Americans have always been excessive worshippers of what William James called “the bitch goddess success”. Self-help gurus have topped the bestseller lists since Benjamin Franklin published his autobiography. Americans are much more likely than Europeans to believe that people can get ahead in life so long as they are willing to work hard. And they are much more likely to choose a high-paying job that carries a risk of redundancy than a lower-paid job that guarantees security.
But you can't have winners without losers (or how would you know how well you are doing?). And you can't broaden opportunity without also broadening the opportunity to fail. For instance, until relatively recently, blacks could not blame themselves for their failure in the “race of life”, in Abraham Lincoln's phrase, because they were debarred from so many parts of it. Now the barriers are lifted, the picture is more complicated.
All of which creates a huge problem: how exactly should a hyper-competitive society deal with its losers? It's all very well to note that drunkards and slackers get what they deserve. But what about the honest toilers? One way to deal with the problem is to offer people as many second chances as possible. In his intriguing new book “Born Losers: A History of Failure in America”, Scott Sandage argues that the mid-nineteenth century saw a redefinition of failure—from something that had described a lousy business to something that defined a whole life.
Yet one of the striking things about America is how valiantly it has resisted the idea that there is any such thing as a born loser. American schools resist streaming their pupils much longer than their European counterparts: the whole point is to fit in rather than stand out. American higher education has numerous points of entry and reentry. And the American legal system has some of the most generous bankruptcy rules in the world. In Europe, a bankrupt is often still a ruined man; in America, he is a risk-taking entrepreneur.
American history—not to mention American folklore—is replete with examples of people who tried and tried again until they made a success of their lives. Lincoln was a bankrupt storekeeper. Henry Ford was a serial failure. At 40, Thomas Watson, the architect of IBM, faced prison. America's past is also full of people who came back from the brink. A second way to deal with losers is to celebrate them. Perhaps in reaction to the relentless boosterism of business life, American popular culture often sympathises with losers. But even in the loser-loving bits of popular culture, the American obsession with success has a habit of winning through. More often than not, born losers turn out to be winners in disguise.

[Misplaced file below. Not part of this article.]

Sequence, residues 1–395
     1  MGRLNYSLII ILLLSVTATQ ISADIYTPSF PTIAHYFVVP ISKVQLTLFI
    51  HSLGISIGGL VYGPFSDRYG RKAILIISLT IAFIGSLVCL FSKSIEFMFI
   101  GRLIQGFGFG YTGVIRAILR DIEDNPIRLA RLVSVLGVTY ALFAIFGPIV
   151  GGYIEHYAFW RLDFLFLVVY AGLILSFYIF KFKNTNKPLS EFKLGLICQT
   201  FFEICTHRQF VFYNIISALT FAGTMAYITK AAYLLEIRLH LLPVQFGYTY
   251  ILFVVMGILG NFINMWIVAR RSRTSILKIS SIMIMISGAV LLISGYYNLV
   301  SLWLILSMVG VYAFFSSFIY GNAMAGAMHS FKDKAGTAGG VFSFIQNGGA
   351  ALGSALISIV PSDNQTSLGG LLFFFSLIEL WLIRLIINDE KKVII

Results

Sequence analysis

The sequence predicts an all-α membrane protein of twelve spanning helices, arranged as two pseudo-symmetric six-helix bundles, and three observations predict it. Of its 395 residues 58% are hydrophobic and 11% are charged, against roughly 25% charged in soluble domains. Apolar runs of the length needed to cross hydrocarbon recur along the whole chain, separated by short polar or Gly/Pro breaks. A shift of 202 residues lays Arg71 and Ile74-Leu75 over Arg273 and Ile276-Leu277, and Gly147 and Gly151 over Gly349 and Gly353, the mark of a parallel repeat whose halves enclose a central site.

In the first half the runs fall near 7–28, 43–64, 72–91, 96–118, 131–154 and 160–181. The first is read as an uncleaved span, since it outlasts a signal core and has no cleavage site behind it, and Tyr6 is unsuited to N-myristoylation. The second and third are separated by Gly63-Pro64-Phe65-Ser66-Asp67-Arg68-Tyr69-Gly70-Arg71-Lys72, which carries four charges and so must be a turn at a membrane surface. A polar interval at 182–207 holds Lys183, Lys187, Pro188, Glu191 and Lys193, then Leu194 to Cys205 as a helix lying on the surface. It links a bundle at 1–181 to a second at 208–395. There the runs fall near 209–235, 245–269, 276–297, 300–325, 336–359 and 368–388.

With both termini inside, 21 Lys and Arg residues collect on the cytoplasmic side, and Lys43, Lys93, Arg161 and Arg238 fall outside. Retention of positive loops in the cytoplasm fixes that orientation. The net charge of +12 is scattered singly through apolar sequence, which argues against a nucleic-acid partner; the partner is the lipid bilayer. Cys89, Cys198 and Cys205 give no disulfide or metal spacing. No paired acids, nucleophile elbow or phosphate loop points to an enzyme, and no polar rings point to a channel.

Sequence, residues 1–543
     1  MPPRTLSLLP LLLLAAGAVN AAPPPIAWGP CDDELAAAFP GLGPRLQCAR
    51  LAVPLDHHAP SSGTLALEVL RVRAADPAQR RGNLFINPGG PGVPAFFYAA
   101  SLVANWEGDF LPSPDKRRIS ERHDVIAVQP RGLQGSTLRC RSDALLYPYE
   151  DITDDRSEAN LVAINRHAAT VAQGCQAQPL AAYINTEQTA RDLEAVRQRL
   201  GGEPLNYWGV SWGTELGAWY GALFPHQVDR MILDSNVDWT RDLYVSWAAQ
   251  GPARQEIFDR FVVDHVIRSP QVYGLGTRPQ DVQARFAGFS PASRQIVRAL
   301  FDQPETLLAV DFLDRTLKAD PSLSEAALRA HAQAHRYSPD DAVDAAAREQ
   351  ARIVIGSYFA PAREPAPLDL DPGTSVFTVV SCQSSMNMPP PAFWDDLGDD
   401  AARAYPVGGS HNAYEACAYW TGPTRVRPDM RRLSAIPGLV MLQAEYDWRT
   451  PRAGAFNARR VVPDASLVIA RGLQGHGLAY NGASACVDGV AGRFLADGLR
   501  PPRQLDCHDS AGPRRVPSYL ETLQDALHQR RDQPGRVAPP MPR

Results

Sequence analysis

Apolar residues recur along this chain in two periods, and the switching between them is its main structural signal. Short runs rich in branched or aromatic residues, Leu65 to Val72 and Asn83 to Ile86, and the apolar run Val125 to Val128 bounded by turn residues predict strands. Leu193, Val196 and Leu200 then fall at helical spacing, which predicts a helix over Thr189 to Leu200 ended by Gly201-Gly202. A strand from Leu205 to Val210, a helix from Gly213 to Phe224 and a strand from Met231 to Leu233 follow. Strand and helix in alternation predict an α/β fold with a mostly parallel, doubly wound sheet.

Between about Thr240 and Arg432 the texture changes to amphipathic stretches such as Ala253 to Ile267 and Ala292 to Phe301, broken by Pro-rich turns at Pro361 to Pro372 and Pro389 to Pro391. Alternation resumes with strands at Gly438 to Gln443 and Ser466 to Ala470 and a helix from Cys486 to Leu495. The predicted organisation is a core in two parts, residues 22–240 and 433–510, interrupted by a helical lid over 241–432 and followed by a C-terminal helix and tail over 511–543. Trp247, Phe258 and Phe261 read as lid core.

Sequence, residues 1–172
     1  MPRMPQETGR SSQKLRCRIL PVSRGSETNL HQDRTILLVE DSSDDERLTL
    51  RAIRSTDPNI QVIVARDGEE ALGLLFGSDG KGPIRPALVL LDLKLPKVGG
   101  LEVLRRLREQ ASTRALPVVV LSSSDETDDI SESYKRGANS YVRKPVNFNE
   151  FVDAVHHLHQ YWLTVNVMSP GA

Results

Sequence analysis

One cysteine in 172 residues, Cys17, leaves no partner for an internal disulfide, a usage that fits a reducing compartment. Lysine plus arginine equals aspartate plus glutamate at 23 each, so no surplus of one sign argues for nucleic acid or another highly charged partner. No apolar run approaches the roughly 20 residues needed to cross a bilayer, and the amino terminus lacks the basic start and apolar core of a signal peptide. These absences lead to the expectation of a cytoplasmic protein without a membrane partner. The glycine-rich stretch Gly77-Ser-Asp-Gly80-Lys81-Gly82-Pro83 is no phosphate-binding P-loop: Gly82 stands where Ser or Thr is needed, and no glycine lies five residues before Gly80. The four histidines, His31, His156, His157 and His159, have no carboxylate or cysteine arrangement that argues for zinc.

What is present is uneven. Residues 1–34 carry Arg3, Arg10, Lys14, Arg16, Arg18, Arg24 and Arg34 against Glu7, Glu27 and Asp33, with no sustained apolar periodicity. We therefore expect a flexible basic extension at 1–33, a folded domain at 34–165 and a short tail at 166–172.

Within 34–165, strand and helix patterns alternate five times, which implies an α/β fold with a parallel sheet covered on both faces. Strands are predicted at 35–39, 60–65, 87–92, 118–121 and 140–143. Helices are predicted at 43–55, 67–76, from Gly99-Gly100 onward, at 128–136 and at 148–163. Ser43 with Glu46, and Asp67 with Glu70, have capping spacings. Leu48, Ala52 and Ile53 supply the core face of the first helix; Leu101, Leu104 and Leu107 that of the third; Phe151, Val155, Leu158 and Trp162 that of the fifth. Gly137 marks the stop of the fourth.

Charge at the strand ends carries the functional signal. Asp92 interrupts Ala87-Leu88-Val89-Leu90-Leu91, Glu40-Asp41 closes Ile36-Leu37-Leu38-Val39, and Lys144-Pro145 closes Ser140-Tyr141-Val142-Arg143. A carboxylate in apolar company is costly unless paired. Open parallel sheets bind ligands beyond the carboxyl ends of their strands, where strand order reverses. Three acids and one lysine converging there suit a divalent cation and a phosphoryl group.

31. According to paragraph 1, why are Americans “much more likely to choose a high-paying job that carries a risk of redundancy than a lower-paid job that guarantees security”?
[A] Because they don't mind taking risks.
[B] Because Americans believe in the idea of “no pain, no gain”.
[C] Because Americans rely a lot on self瞙elp books written by famous people.
[D] Because a having high瞤aying job is how many Americans view success.
32. Paragraph 2 suggests that ________________
[A] America was once a racist country.
[B] black Americans now have equal rights.
[C] if you give someone the chance to succeed, you also give them the chance to fail.
[D] you can know how successful you are by seeing how many people are failing.
33. The “honest toilers” mentioned in paragraph 3 refer to__________________
[A] lazy people and alcoholics.
[B] trustworthy workers.
[C] people who fail even though they try hard.
[D] born losers—people who need lots of second chances in order to succeed.
34. We can learn from paragraph 4____________
[A] that the United States is better than Europe.
[B] that American society is designed to give people many opportunities.
[C] that the American system is better for children and businessmen.
[D] that Scott Sandage's book is largely irrelevant to modern American society.
35. According to paragraph 5, which of these is NOT an example of why Americans might like losers?
[A] They often succeed in the end.
[B] Losers often have legal problems.
[C] There is sometimes a dislike of people who enthusiastically promote business.
[D] Some very famous Americans were once losers.